I've already got a factory-installed roof-rack which gives me secure mounting points, so wondering why I can't just build something simple myself.

For sake of argument say a large box in the range of 6'x3'x1.5' (i.e. 27cuft which is probably bigger than I actually need; the bigger commerical ones run about 18-20cuft).

That would be about 63sqft of sheeting material. 3/4" plywood seems like overkill to me (tho I'm only thinking about putting lightweight but bulky stuff in the box), so say you built with 1/4" (marine?) ply with 1"sq internal frame, then you'd be around 50lb or so (at 3lb/sqft-in for plywood), plus some clamps and waterproofing (spar varnish?). Maybe double the weight of a commercial version? Hard to believe I couldn't secure that safely to my roofrack for hwy speeds?

Are there really laws about what you're allowed on the roof of your car? I see lots of crazy stuff people have tied up there which looks completely unsafe but never see anyone pulled over for it.
Its the Department of Transportation versus the police that you have to worry about, but even with them it depends on who you get. If your build looks professional (which can be easy enough to do), you can get away with not having to buy a commercially made container; but if you leave it more on the "rustic" side, you can easily get pulled over for an inspection (which can either be a time waster, or a ticket if they deem it unsafe). That being said, I think its more than possible to make something, especially since you have the mounting brackets.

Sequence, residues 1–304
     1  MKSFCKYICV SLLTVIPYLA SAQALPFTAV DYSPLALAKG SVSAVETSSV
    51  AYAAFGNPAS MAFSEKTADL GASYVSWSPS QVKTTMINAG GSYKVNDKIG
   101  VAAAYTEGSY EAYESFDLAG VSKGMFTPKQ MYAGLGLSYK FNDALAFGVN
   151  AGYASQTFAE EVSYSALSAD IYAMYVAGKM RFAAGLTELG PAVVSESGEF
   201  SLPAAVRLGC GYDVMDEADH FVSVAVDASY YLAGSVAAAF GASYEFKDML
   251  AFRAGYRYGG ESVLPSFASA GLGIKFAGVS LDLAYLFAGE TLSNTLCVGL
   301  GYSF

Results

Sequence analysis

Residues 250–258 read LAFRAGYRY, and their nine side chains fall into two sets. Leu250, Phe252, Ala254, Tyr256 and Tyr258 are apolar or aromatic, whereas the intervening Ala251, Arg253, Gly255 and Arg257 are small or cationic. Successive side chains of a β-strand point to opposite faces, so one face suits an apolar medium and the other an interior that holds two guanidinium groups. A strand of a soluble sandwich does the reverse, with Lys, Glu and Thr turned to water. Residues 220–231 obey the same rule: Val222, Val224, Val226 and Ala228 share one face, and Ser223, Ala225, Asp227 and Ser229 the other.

Obviously you want to make sure the load doesn't get top heavy for your vehicle, and so if the items are more lightweight but bulky, you could do this a few ways.

The way I would make the cargo box is with fiberglass. Its strong and lightweight, easy enough to work with and fairly inexpensive. You simply buy the fiberglass sheets and resin, and like making paper mache, you cover a mold until you have the shape and its set. The mold can be made out of styrofoam, cardboard or even plywood if you have some scrap sheets. You may need to use some plastic sheeting over the mold to act as a release agent, but having built a fiberglass boat, I can tell you that making a rooftop cargo box would be rather easy.

So once you have the 2 halves made and dry, you can trim/sand until its perfect and finish it off with a coat of marine paint. A seal can easily be made with some rubber, and then just drill out the holes for the mounting brackets, add a couple hinges and a latch to keep it closed.

IMO, that's your best bet, and will be much lighter than plywood, and obviously weather proof. :-)